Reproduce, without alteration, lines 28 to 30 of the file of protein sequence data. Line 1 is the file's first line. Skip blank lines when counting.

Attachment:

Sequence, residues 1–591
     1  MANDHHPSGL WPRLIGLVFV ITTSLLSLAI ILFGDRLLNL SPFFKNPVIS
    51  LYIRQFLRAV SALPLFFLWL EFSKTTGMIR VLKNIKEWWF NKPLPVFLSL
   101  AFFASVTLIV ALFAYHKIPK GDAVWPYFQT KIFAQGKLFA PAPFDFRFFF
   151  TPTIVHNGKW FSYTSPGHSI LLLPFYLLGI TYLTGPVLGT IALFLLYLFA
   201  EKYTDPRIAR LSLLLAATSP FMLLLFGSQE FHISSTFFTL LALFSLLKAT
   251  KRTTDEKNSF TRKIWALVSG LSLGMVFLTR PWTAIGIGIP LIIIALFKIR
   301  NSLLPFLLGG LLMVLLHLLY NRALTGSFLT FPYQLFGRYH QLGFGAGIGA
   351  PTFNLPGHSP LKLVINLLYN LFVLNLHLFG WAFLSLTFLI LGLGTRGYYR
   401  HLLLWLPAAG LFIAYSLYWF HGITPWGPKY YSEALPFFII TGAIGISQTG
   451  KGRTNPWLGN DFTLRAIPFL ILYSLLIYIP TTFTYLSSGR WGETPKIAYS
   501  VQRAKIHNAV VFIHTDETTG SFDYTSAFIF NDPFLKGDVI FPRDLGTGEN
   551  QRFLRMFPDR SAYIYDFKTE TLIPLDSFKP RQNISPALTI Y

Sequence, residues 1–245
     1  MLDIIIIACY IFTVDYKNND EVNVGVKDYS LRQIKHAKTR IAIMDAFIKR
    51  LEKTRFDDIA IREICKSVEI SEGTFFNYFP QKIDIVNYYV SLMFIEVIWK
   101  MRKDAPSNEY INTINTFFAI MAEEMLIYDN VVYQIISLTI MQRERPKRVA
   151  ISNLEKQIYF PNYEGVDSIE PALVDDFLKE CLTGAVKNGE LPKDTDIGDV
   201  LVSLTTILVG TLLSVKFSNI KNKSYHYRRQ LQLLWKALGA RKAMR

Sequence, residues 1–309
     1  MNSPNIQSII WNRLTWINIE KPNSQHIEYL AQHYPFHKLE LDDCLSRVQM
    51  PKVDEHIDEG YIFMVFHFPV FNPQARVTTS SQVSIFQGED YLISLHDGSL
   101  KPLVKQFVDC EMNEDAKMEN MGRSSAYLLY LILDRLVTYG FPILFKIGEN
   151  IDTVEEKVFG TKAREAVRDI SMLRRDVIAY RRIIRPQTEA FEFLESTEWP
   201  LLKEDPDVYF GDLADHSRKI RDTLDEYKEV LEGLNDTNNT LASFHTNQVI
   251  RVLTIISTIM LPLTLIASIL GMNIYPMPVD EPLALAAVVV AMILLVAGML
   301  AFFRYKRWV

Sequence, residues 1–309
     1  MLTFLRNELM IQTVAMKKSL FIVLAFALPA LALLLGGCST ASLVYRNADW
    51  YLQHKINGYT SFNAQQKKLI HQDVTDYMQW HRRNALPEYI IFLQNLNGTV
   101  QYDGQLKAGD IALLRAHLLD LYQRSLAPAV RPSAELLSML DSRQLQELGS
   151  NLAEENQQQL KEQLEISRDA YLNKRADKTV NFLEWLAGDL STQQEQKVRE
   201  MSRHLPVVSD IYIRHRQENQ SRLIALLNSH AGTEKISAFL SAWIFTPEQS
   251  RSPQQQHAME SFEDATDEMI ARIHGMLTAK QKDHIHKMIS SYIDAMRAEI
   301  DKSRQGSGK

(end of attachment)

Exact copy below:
Sequence, residues 1–309
     1  MLTFLRNELM IQTVAMKKSL FIVLAFALPA LALLLGGCST ASLVYRNADW
    51  YLQHKINGYT SFNAQQKKLI HQDVTDYMQW HRRNALPEYI IFLQNLNGTV